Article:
The UK’s dental schools and dental hospitals join forces to find innovative solutions to the complex challenges presented by COVID-19

10 August 2020
3 min read
Published:

These fine clouds of water spray are known as aerosol and contain both substantial amounts of water from the drills that dentists use and smaller amounts of patients’ saliva. The risk of infection by SARS-CoV-2 posed by the small amounts of saliva in these aerosols and the precise dilution of the saliva in the clean water used by the drill is yet to be determined.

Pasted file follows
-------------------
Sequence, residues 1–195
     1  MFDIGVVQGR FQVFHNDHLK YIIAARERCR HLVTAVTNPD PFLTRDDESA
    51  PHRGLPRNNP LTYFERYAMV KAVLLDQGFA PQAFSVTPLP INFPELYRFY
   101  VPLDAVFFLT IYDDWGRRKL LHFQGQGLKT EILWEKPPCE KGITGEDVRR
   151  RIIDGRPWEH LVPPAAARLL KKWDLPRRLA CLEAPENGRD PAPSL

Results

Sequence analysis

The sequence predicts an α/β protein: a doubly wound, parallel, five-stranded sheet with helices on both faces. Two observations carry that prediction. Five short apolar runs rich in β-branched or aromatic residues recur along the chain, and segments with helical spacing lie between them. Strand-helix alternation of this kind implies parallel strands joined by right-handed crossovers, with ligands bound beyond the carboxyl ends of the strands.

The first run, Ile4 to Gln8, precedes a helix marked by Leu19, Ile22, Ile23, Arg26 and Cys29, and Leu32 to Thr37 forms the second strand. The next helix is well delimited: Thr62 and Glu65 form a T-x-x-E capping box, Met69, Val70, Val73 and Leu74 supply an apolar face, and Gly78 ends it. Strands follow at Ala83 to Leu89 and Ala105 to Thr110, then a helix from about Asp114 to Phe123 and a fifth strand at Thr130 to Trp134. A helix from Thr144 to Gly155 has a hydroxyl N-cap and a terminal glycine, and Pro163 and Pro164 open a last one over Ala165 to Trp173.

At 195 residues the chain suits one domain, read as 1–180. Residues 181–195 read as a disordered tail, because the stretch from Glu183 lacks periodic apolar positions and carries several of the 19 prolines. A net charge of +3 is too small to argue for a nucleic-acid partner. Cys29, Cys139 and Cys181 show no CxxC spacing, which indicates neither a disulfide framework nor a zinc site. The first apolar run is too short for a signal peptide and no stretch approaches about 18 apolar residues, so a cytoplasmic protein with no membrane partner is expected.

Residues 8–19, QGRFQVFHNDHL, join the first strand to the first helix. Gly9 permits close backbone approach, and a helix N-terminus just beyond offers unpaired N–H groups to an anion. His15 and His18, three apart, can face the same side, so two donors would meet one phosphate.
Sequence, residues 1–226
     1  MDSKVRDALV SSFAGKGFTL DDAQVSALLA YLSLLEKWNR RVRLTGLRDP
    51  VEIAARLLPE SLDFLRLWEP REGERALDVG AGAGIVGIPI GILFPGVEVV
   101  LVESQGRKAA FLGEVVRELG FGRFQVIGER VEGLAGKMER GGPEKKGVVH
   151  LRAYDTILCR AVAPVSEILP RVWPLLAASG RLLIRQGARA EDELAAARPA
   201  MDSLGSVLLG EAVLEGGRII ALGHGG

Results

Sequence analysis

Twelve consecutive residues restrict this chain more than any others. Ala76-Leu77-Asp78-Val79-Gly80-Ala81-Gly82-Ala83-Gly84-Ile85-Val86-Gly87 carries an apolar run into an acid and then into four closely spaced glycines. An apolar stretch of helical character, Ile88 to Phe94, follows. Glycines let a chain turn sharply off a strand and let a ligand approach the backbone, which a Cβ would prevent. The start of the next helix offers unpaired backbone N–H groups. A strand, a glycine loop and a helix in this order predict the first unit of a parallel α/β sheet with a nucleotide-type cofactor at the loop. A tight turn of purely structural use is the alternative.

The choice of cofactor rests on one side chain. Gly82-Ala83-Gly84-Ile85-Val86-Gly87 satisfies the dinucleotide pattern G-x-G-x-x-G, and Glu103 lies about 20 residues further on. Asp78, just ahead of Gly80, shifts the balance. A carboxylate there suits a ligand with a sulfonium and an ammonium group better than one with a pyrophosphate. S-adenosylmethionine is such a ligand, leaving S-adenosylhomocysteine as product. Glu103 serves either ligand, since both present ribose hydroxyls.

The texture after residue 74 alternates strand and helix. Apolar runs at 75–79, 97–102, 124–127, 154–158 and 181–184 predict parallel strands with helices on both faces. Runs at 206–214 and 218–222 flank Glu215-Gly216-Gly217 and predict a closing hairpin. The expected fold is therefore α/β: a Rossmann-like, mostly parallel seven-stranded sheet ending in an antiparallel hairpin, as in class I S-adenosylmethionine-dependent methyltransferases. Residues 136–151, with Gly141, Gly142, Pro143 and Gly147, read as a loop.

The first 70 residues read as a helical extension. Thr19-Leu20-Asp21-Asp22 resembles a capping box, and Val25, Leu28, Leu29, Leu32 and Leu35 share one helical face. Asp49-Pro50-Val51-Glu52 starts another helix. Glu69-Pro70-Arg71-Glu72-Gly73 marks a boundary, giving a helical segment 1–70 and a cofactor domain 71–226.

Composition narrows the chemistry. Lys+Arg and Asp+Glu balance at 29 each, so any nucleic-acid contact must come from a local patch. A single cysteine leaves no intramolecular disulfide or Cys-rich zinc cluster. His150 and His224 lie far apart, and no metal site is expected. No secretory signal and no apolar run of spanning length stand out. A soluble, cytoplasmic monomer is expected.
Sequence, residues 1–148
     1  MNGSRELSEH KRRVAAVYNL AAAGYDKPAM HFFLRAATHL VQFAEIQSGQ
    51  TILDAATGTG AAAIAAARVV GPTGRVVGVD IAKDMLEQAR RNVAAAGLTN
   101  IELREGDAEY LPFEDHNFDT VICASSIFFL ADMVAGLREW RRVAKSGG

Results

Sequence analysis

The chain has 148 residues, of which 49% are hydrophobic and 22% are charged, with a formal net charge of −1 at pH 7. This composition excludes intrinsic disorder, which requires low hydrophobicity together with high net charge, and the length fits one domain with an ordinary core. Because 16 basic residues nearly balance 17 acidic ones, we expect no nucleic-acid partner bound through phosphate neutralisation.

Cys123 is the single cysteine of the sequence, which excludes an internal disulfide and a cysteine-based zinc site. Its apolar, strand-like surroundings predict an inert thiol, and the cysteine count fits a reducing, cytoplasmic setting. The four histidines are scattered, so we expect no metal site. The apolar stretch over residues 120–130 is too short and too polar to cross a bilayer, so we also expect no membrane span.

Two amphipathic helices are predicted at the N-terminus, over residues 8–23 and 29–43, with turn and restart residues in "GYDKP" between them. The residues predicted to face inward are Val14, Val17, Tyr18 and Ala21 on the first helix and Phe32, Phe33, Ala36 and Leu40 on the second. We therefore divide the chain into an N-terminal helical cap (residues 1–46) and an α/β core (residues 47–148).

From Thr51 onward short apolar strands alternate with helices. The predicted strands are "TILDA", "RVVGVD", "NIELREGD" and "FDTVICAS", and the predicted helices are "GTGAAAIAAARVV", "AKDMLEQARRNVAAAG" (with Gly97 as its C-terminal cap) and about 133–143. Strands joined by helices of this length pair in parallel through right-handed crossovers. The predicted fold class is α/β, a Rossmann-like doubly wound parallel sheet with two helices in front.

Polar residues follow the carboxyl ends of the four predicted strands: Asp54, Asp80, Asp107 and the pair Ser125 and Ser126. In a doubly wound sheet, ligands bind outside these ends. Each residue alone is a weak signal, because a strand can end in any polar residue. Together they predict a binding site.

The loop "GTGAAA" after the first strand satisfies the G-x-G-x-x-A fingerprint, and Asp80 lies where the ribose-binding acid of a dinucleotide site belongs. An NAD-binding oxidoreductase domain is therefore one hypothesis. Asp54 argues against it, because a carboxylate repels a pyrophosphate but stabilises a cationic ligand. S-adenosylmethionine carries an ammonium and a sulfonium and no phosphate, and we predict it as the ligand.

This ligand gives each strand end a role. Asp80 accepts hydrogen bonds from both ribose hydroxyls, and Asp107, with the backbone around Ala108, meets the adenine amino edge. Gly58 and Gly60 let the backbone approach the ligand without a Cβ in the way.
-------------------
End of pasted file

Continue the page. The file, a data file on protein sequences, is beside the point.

Aerosols are therefore a problem in primary (high street) dentistry and are being actively managed by leaving long gaps between patients (‘fallow’ times of up to one hour after procedures). The problem is exacerbated in dental education, however, because dental students are taught how to drill in open-plan, multi-chair clinics – magnifying the amount of aerosol potentially produced if all chairs are in action at once. Dental students treat over 400,000 volunteer patients each year but have not been allowed to treat patients since March. This reduction in clinical experience could affect their ability to graduate and enter the workforce to the anticipated timescale.

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